WHat does your chicken label mean

Cherry Hill Personal Trainer Kirill Vaks Deciphers Chicken food labels

Deciphering what your food label is saying to you: Chicken:

Eating healthy can be tough! You make a decision to get rid of steak, ribs, and all the fatty protein in your diet and start eating chicken and fish, lean proteins! Then you come by an article like this one and realize, it’s time to take it up a few notches. Let’s decipher what the labels on our chicken really mean.

Natural

“My chicken label says it’s natural! That must mean something!” I hear this often, lets decipher: Anything in the meat and poultry aisle can be called natural. No artificial colors, flavors, or other ingredients, no preservatives and “minimal processing”, but not necessarily all will fall into the category. The USDA has forced marketers to at least add which of the listed were not added (hopefully all!)

All natural food label

Free Range (*this only applies to poultry!)

This label is usually misunderstood. Free range only means that the chicken had a “chance” to run around. It doesn’t necessarily mean it did. To use this label, the Government requires that outdoor access is available for some assigned period of time (that’s right, it can range from 5 minutes to an hour). They may not be  in cages but still raised in a crammed area. Deciphered: Whatever you ingest, you want it to have been raised healthy! You are what you eat. Unless you personally know the farmer that raises the chickens, this label can vary in its significance and usually it holds little meaning. (*Free Range is different than pastured)

100% Vegetarian Diet

This term isn’t regulated by the U.S. Department of Agriculture (USDA). It is generally meant to suggest that an animal is fed a healthier diet and is raised without being fed animal byproducts or dairy products. According to the USDA, manufacturers that use this term on package labels must be able to provide evidence to support the claim. Deciphered: Their feed didn’t contain animal byproducts, which can mean ground up animal parts and feces. 

Antibiotic-free

Under U.S. Department of Agriculture (USDA) regulations, meat and poultry products can be labeled as “no antibiotics added” if documentation is provided showing that the animals were raised without antibiotics. Similar allowable terms according to the USDA are “no antibiotics ever,” “no added antibiotics” and “raised without the use of antibiotics.” However, the term “antibiotic-free” isn’t USDA approved.

If animals are given antibiotics to prevent or treat disease, an antibiotic-withdrawal period — usually several days — is generally required before animals can be slaughtered so that there are no antibiotic residues in meat or poultry. Deciphered: Still not much but the less antibiotics given, usually means the stronger and, possibly, lived under better conditions.

No added hormones

Claims of “no hormones added” can’t be used on labels for these products unless the label also states, “Federal regulations prohibit the use of hormones.” Deciphered: This label is worthless unless you are buying beef.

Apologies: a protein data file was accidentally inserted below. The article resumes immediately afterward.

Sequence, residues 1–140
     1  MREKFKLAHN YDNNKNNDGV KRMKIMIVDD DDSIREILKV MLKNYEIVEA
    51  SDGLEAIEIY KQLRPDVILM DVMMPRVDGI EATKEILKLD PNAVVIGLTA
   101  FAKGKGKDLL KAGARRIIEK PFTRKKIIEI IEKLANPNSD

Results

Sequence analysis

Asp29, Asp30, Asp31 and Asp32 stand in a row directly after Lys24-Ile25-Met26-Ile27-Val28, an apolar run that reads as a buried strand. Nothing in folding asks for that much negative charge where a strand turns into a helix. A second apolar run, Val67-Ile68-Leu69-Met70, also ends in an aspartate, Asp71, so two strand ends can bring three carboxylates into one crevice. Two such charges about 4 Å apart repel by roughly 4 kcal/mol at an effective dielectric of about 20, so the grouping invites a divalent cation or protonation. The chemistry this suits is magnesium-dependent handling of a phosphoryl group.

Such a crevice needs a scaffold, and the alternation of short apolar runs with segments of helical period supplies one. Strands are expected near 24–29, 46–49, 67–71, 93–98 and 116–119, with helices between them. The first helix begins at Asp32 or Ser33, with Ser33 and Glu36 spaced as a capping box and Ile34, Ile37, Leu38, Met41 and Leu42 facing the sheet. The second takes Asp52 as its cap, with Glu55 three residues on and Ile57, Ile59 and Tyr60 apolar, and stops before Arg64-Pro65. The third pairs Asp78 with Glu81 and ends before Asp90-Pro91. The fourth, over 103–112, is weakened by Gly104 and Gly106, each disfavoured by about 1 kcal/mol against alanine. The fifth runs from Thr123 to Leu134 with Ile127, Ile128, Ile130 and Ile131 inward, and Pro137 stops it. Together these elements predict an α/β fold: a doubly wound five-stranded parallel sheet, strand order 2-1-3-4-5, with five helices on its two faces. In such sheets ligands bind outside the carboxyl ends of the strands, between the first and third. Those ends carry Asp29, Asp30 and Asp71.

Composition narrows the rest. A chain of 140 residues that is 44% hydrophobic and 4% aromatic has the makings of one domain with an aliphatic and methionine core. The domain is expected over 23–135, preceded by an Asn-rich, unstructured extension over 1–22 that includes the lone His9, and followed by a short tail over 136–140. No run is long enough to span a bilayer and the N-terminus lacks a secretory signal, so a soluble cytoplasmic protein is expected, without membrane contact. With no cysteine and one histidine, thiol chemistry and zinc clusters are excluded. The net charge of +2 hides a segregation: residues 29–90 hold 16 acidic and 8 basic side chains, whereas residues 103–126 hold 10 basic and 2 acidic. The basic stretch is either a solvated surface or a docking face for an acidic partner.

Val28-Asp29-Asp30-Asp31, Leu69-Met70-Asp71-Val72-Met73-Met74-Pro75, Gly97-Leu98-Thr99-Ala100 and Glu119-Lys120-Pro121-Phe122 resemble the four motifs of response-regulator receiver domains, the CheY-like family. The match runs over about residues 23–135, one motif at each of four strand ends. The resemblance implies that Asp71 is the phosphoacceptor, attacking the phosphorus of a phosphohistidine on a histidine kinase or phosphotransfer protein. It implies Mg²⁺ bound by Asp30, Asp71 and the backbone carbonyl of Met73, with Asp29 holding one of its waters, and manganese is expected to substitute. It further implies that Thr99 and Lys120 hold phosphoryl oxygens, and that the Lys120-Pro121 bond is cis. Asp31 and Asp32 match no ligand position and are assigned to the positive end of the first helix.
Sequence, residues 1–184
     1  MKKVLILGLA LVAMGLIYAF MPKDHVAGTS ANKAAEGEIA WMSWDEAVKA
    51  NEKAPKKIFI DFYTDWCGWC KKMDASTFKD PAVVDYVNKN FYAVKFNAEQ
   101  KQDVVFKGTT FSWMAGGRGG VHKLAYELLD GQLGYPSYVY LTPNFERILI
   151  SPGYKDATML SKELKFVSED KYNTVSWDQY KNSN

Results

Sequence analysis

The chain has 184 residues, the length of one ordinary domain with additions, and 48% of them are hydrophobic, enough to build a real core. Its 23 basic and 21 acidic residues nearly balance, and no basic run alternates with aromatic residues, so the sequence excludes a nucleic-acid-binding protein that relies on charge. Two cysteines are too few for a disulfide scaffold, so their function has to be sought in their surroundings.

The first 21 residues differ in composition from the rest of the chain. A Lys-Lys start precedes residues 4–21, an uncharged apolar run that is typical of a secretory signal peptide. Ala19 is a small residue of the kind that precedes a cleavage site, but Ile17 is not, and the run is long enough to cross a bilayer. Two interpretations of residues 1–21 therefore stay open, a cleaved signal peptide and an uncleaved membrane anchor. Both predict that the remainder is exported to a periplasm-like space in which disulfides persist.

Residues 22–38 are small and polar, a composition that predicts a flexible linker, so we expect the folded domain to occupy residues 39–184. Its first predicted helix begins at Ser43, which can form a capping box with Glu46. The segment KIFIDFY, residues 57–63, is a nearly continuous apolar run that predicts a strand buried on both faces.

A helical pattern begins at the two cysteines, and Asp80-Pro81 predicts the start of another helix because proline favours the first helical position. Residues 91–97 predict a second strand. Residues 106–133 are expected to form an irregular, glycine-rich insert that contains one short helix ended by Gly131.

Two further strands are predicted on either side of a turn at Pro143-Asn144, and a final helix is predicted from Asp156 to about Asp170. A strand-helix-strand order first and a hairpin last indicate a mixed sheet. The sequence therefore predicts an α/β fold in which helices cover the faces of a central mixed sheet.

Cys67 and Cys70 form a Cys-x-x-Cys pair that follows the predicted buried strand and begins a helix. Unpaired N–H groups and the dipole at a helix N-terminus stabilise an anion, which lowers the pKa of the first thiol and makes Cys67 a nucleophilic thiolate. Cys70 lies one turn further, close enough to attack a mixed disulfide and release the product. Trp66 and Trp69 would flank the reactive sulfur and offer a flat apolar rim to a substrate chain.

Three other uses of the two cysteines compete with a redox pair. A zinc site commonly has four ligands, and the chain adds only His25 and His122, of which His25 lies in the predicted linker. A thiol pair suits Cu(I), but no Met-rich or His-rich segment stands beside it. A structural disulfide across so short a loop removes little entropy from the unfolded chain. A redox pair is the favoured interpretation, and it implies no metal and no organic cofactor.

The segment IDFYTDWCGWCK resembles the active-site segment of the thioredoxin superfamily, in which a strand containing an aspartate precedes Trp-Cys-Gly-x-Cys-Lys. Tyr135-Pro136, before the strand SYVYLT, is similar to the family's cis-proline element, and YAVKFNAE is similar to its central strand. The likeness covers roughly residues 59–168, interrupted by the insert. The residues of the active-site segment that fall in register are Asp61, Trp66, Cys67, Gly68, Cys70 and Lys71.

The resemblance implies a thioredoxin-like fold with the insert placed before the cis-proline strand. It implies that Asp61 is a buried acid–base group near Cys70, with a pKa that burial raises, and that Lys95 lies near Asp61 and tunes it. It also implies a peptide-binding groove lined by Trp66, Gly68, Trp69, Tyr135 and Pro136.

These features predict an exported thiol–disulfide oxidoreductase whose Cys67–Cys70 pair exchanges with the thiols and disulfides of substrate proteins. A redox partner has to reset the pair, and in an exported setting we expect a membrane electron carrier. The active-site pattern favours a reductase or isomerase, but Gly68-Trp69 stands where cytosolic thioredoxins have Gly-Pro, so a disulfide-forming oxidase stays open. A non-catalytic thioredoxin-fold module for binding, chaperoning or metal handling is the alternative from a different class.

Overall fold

Cherry Hill Personal trainer deciphers free rangePastured or Pasture-Raised

Regulations are part of the National Organic Program of the U.S. Department of Agriculture (USDA). To use the label “pastured”, manufactures must provide year-round access to the outdoors for all ruminant animals, providing them with pasture throughout the grazing season in their area and ensuring that the animals get at least 30 percent of their dry-feed intake from pasture grazing over the course of grazing season. Deciphered: All those Looney tunes cartoons where you see chickens in the background, roaming free, it’s kind of like that. It’s expensive but this is a good label.

Organic

 To use this label, the farm must meet USDA standards and be officially certified through the USDA. Deciphered: 100% organic feed, no animal byproducts, no hormones, no antibiotics, Must have outdoor access, no irradiation, no pesticides (for the feed), no synthetic fertilizers, no sewage sludge, no synthetic pesticides, and no GMO. Now, that chicken sounds delicious!

None of the terms listed
Don't leave your personal training to your own imagination

Deciphered: This one I’ll leave to your imagination 

It’s important to know and understand what is going into your body. Just because it says chicken, does not mean it’s healthy. You are what you eat and if you’re eating chicken that have never spread their wings because it stuck in a cages, being treated with antibiotics and pesticides are consistently being sprayed to get rid of the smaller critters on the farm (lice, fleas, etc.). It’s understandable why most people are taking between 3-15 pills a day. Organic may be expensive but it is leaps and bounds above the rest (pastured is actually considered better, but with that, also more expensive). 

Make a lifestye change with Training aspects personal training

Final word:  Just the other day I was having a conversation with a friend. My friend said to me “you’re a personal trainer, performance specialist, you work out like 5xs a day (it’s actually 5xs a week) why are you on a diet?!”. My explanation was like this. Most people’s goals are to do what on a diet… lose weight… what is mine?.. My friend replied, “Lose weight?” I laughed; no it’s about optimal performance, not just in an athletic sense but in the ability to live life. Not needing coffee, energy drinks, 5hours energies, and being able to be active for 16hours plus a day. Don’t just go on a diet to lose weight, make a lifestyle change to increase your health, your performance, your energy, your confidence, your life!!

 

-Kirill Vaks
BA, CSCS, ACSM-cpt, NFPT-sns

 Performance and Fitness specialist

 

 

Take action… Now! 

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